No modern artist, not even the likes of Damien Hirst or Tracey Emin1, divides opinion like Jack Vettriano. It seems that the public cannot get enough of his work: it is estimated that he makes over £200,000 every year from posters and prints of his work, and celebrities such as Jack Nicholson, Robbie Coltrane and Terence Conran queue up to buy his work and sing his praises.
The critical establishment, on the other hand, is less enthusiastic. Prominent critics have described his work as 'soft porn', dismissing it with comments such as, 'he's welcome to paint, as long as nobody takes him seriously'. Is this merely snobbery and fear in action, or do the critics have a valid point?
From Miner to Artist
Like most young men of that era, he left school at 16 to work in the local coalfield, although Vettriano himself is quick to point out that the image of him 'lying on his side hewing coal is bloody nonsense'. Vettriano trained and worked as an engineer before going on to work in the personnel department at the colliery. Eventually he moved on to a job with the Manpower Services Commission, a government agency dealing with technical education. He married, bought a house, and settled down.
In 1988, at the age of 37, he sold two paintings at a Royal Scottish Academy exhibition. This changed his life irrevocably. His marriage broke down under the pressure of his ambition, and he quit his job, moved across the Firth of Forth to Edinburgh, and changed his name.
As a young man, Vettriano was a frequent visitor to the nearby art gallery in the town of Kirkcaldy. Inspired by the works he saw there, and by the gift of a watercolour painting set, he started copying the works of the Old Masters, especially van Gogh and the Impressionists. Without the benefit of formal training, he slowly taught himself how to paint. But an application to Edinburgh Art College was rejected without explanation, and it took him almost 20 years to get from his first daubings to his first sale.
A Rich Man's Pornography - or 'Wasted Elegance'?
Jack Vettriano is a hugely successful artist in commercial terms. His originals sell for thousands of pounds, often to high-profile buyers.
But it's the posters and prints that really make money. His most famous painting, The Singing Butler, sells more posters in the UK than any other work of art, including the more critically-acclaimed works of artists such as van Gogh. Runner-up in the poster sales chart is a similar Vettriano work, Mad Dogs. He has enjoyed similar success around the world, especially in Japan and the USA.
The problem with such success is that artists are supposed to struggle, their talents unrecognised by the world, until they are dead or insane. Vettriano's refusal to follow this tradition has resulted in sneering comments from the arts establishment in Scotland.
Typical of his detractors is Duncan MacMillan, Professor of Scottish Art History at the University of Edinburgh, who has described Vettriano's work as 'dim erotica'. Professer MacMillan's book, Scottish Art 1460 - 2000, grudgingly gives up one paragraph to mention Vettriano, but makes no room for any of his work amongst the 370 images chronicling the period. Sandy Moffat, who is MacMillan's equivalent at the Glasgow School of Art, describes Vettriano's work as 'badly-conceived soft porn'.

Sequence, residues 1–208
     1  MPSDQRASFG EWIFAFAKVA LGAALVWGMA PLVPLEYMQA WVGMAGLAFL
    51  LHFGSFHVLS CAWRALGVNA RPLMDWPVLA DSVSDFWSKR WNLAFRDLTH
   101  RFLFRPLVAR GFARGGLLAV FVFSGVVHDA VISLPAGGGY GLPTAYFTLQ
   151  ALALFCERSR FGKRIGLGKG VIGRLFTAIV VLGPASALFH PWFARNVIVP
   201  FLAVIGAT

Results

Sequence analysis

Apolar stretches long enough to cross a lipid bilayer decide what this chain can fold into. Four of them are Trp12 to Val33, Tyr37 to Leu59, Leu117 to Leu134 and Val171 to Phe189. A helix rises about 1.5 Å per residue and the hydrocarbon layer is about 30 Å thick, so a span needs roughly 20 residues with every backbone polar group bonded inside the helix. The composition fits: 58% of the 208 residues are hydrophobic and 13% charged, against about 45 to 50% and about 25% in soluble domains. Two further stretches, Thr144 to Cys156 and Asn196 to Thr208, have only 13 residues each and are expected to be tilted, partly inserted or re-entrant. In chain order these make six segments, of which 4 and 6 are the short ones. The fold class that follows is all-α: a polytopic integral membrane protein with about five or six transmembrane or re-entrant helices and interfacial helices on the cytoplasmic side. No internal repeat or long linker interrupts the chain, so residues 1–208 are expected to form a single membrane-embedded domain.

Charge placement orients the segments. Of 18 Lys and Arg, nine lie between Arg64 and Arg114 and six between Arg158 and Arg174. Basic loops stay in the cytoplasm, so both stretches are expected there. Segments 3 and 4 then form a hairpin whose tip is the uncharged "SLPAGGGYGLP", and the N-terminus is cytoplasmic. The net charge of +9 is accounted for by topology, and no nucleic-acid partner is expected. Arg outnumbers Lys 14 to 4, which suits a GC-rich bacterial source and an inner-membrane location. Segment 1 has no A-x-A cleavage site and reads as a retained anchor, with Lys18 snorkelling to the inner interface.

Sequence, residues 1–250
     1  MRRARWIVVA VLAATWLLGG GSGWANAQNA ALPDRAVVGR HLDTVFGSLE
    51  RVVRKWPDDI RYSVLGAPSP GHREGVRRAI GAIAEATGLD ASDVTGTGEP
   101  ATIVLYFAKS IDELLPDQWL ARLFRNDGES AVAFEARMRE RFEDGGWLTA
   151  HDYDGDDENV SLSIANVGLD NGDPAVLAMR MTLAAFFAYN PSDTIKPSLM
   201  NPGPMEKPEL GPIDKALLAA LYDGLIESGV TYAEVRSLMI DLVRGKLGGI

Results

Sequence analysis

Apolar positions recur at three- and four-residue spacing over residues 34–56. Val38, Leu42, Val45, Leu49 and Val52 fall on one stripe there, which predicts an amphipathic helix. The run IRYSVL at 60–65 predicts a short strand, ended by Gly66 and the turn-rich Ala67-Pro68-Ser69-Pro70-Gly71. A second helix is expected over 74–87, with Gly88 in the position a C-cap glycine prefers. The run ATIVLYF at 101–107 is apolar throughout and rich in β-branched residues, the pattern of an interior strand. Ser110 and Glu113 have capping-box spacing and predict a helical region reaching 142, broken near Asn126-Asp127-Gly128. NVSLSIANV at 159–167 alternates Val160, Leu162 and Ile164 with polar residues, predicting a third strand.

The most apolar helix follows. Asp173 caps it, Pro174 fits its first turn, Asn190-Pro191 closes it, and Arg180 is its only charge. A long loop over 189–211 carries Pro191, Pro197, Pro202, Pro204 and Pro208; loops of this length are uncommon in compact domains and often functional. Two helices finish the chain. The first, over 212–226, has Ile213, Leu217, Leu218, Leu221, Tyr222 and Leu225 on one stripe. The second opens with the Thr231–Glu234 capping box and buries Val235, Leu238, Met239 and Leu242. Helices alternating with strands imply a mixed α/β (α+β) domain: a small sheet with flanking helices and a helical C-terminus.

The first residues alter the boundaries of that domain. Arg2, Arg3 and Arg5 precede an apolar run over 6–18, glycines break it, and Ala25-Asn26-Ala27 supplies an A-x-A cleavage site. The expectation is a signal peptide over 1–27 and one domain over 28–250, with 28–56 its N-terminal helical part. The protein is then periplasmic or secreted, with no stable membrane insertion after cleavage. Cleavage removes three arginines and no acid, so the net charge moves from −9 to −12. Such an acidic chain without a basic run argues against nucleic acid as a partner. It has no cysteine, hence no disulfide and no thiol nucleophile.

It is true that Vettriano's more recent work is darker and more sexually charged. For an example, compare the popular The Singing Butler with the more controversial later work The Assessment. Other prominent critics have described his paintings as 'flat', 'soulless', 'no more than colouring-in' and derivative of Edward Hopper (who does share certain noir stylings with Vettriano). A good example for comparison is Hopper's Nighthawks.
The money and success must soften the blow a least a little, but it is clear that Vettriano craves acceptance by the art establishment. 'Show me the artist,' he has said, 'who does not want to be recognised by his peers, and I will show you a liar.'
Although Vettriano's supporters in the art world are few and far between, he has his share of celebrity fans. As well as famous collectors of his work such as the film actor Jack Nicholson, respected people in other fields of the arts have leapt to his defence. Author AL Kennedy has described his critics as 'idiots', claiming jealousy as the reason for their ire.
Vettriano, who got such inspiration from Kirkcaldy Art Gallery, has returned the favour by ensuring that his exhibitions, though they may travel all over the world, always spend some time in Kirkcaldy. The curator of Kirkcaldy Art Gallery has described Vettriano as 'a very significant artist of the moment'.
It is impossible to tell if time will be kinder to Jack Vettriano than the Scottish art establishment has been. Perhaps, 100 years from now, his work will be as highly regarded as van Gogh's or Rembrandt's is now. Possibly it will be forgotten, as the works of artists who struggle penniless now are discovered and held up as masterpieces. But the present ridicule of Vettriano, which has caused him to abandon Scotland for London, is perhaps a shameful indication of how Scotland treats her success stories and self-made men.